"Aereo captures the broadcast signals of local television stations in Utah and retransmits them over the Internet to paying subscribers,” affiliates of CBS and Fox argue in papers filed late last week with U.S. District Court Judge David Nuffer. “Aereo is committing copyright infringement by publicly performing the copyrighted programs contained in these signals without authorization from the copyright owners.”
The fast-growing Aereo, which is backed by Barry Diller, allows paying subscribers to stream over-the-air TV shows to iPhones and other devices. The company also enables people to “record” shows and watch them later.
TV broadcasters contend that Aereo is “publicly” performing the shows -- which would infringe copyright. But Aereo counters that its service is legal due to its design, which relies on thousands of tiny antennas to capture and stream over-the-air TV shows. The company streams shows to users on an antenna-to-user basis. Aereo says it has the same legal rights as consumers to capture over-the-air signals. The company also says its streams are “private” performances -- as opposed to public ones -- because each stream comes from a separate antenna.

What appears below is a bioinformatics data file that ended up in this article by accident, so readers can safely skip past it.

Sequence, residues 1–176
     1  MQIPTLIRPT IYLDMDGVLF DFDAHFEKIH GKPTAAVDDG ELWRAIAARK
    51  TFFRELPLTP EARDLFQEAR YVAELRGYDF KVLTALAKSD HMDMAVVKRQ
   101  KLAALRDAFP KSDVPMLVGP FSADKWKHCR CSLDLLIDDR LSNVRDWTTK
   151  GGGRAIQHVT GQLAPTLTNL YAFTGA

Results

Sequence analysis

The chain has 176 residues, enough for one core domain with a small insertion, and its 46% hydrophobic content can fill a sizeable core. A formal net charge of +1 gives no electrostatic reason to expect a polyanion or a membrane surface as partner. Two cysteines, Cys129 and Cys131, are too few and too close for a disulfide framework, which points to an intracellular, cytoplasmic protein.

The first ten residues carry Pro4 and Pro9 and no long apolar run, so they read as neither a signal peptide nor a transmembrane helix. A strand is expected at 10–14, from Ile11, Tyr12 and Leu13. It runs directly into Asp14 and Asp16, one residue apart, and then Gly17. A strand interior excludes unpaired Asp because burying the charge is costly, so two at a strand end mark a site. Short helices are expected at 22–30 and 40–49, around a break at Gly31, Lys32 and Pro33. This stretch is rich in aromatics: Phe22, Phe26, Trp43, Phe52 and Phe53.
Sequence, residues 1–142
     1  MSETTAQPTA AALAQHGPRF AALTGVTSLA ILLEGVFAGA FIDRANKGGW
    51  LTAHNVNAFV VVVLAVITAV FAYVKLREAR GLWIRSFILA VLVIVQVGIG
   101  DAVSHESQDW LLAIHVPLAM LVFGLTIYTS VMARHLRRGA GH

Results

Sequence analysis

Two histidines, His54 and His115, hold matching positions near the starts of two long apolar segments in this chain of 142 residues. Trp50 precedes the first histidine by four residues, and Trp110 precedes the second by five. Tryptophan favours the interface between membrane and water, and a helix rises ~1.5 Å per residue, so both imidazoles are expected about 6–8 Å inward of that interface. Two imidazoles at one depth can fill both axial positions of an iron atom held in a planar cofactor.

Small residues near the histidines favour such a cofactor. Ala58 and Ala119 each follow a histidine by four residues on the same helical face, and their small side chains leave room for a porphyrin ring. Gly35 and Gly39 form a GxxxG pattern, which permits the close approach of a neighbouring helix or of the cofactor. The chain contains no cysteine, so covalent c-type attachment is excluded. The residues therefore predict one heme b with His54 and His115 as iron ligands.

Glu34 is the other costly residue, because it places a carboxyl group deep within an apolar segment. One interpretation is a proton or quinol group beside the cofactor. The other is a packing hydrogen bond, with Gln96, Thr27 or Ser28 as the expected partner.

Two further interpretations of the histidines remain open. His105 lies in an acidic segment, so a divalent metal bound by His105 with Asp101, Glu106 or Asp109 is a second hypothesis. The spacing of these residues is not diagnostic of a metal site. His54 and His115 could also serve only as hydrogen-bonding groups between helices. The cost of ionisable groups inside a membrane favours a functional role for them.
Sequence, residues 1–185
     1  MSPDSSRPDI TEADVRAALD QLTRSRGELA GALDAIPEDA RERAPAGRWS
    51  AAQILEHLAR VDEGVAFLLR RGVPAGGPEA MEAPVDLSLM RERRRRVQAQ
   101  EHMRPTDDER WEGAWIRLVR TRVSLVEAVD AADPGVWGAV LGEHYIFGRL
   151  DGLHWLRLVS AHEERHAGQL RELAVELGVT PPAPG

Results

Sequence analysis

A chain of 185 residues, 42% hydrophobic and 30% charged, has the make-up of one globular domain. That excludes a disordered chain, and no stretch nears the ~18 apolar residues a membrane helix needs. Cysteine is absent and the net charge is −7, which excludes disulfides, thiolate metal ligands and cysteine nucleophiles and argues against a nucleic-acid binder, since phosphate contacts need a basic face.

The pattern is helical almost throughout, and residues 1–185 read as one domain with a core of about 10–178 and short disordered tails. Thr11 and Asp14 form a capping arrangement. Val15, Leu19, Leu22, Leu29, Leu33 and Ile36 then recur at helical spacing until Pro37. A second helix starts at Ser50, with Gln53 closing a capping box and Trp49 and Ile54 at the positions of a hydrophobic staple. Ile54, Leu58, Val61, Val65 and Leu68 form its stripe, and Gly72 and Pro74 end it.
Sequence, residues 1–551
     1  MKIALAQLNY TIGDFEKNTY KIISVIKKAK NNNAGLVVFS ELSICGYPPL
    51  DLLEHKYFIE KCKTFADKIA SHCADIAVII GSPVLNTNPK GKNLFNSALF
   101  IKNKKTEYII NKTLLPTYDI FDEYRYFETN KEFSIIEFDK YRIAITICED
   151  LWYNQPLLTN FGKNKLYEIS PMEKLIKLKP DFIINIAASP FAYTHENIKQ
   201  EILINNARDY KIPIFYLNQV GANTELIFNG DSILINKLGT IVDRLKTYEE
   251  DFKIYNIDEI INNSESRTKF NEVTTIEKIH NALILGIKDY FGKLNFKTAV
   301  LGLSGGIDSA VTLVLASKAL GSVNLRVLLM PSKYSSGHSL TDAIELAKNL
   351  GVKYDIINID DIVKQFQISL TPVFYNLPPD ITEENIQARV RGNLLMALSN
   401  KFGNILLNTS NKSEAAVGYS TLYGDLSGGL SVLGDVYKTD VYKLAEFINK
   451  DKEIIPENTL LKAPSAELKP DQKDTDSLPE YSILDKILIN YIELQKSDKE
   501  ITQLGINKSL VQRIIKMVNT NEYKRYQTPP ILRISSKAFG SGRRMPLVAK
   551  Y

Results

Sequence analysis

A federal appellate court in New York agreed with Aereo, ruling that the company complies with copyright law due to its technology. “Technical architecture matters,” the 2nd Circuit Court of Appeals said in its ruling.
But the broadcasters argue that Aereo is infringing copyright despite its antenna system. “Frankly, it is difficult to imagine how Congress could have been any more clear that technical architecture does not matter,” they argue.
These latest court papers were filed in a lawsuit brought by Community Television of Utah -- which operates KSTU (Fox), KUTV (CBS) and KMYU (My Network TV). That case is one of several lawsuits pending hroughout the country involving Aereo and its competitor, FilmOn X.
So far, Aereo has fended off broadcasters' requests to prohibit the service, but broadcasters have obtained injunctions banning FilmOn X from operating anywhere in the country except New York, Vermont and Connecticut.